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Do tax information exchange agreements curb transfer pricing-induced tax avoidance?

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  • Diller, Markus
  • Lorenz, Johannes

Abstract

We propose a game theoretical model where a multinational company with divisions in two countries and the respective tax authorities interact with each other. Prior to an audit the functional profile of the divisions is unknown to the tax authorities. In equilibrium, tax avoidance emerges in both countries. It turns out that the audit pressure is highest for firms with a hybrid functional profile, dampening their production and reducing their after-tax profit. We find that introducing a bilateral Tax Information Exchange Agreement reduces tax avoidance by aggressive transfer pricing in the high-tax ("domestic") country and precludes tax avoidance in the lowtax ("foreign") country. The volume of production increases. The foreign tax authority discontinues its audit activities, while the domestic tax authority audits less often at least if the foreign division is a toll manufacturer ("routine function"). While the expected net tax revenues increase in the foreign country, they may decrease in the domestic country.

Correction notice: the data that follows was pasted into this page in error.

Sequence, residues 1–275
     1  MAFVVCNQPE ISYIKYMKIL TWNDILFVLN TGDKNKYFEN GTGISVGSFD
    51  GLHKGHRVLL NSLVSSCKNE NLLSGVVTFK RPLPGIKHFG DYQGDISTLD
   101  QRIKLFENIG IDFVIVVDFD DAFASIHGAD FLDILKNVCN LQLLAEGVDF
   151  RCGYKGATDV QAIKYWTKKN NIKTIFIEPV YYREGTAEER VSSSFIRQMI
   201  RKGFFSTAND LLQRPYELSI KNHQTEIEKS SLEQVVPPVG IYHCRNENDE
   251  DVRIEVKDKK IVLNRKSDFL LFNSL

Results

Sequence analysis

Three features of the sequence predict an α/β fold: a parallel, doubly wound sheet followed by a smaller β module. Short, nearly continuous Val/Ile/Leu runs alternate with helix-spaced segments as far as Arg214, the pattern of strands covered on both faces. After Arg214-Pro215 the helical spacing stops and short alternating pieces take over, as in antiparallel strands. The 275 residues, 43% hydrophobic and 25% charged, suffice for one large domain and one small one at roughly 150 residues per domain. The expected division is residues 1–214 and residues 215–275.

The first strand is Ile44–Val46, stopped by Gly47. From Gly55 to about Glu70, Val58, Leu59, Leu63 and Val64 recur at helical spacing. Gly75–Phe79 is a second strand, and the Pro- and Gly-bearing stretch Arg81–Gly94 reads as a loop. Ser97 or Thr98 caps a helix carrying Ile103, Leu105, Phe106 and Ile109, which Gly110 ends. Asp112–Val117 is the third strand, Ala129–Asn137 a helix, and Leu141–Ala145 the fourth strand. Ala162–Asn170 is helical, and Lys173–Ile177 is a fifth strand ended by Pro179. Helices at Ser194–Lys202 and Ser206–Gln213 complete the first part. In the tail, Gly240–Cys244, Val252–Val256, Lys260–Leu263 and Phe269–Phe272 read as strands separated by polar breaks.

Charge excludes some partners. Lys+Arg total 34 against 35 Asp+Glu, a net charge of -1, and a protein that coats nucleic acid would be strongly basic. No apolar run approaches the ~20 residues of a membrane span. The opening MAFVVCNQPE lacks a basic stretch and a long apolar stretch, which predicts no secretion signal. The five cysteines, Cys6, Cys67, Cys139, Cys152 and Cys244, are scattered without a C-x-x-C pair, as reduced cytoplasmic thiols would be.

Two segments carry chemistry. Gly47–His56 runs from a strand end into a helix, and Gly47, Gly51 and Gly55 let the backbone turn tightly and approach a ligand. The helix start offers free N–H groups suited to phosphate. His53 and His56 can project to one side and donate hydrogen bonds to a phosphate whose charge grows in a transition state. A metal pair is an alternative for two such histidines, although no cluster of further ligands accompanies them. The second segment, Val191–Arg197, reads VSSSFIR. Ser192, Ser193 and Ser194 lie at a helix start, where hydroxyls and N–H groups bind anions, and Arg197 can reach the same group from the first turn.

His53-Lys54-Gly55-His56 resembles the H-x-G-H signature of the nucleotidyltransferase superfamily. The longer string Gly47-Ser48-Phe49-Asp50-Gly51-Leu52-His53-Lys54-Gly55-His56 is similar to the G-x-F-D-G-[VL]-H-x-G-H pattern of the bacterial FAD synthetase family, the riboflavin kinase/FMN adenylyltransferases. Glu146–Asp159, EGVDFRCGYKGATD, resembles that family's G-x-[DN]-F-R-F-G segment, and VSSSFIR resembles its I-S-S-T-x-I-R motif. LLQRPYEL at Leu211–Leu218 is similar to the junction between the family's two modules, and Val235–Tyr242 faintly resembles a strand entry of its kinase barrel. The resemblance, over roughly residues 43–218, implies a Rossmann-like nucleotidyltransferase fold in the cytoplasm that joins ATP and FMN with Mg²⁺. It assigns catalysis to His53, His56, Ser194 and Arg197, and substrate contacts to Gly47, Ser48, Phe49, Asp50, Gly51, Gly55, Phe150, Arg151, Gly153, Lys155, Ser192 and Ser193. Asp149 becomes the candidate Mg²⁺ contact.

Suggested Citation

  • Diller, Markus & Lorenz, Johannes, 2017. "Do tax information exchange agreements curb transfer pricing-induced tax avoidance?," Passauer Diskussionspapiere, Betriebswirtschaftliche Reihe B-29-17, University of Passau, Faculty of Business and Economics.
  • Handle: RePEc:zbw:upadbr:b2917
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    References listed on IDEAS

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    1. Kashif S. Mansori & Alfons J. Weichenrieder, 2001. "Tax Competition and Transfer Pricing Disputes," FinanzArchiv: Public Finance Analysis, Mohr Siebeck, Tübingen, vol. 58(1), pages 1-11, December.
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    More about this item

    Keywords

    transfer pricing; tax evasion; cooperation;

    JEL classification:

    • H26 - Public Economics - - Taxation, Subsidies, and Revenue - - - Tax Evasion and Avoidance
    • F23 - International Economics - - International Factor Movements and International Business - - - Multinational Firms; International Business
    • K34 - Law and Economics - - Other Substantive Areas of Law - - - Tax Law

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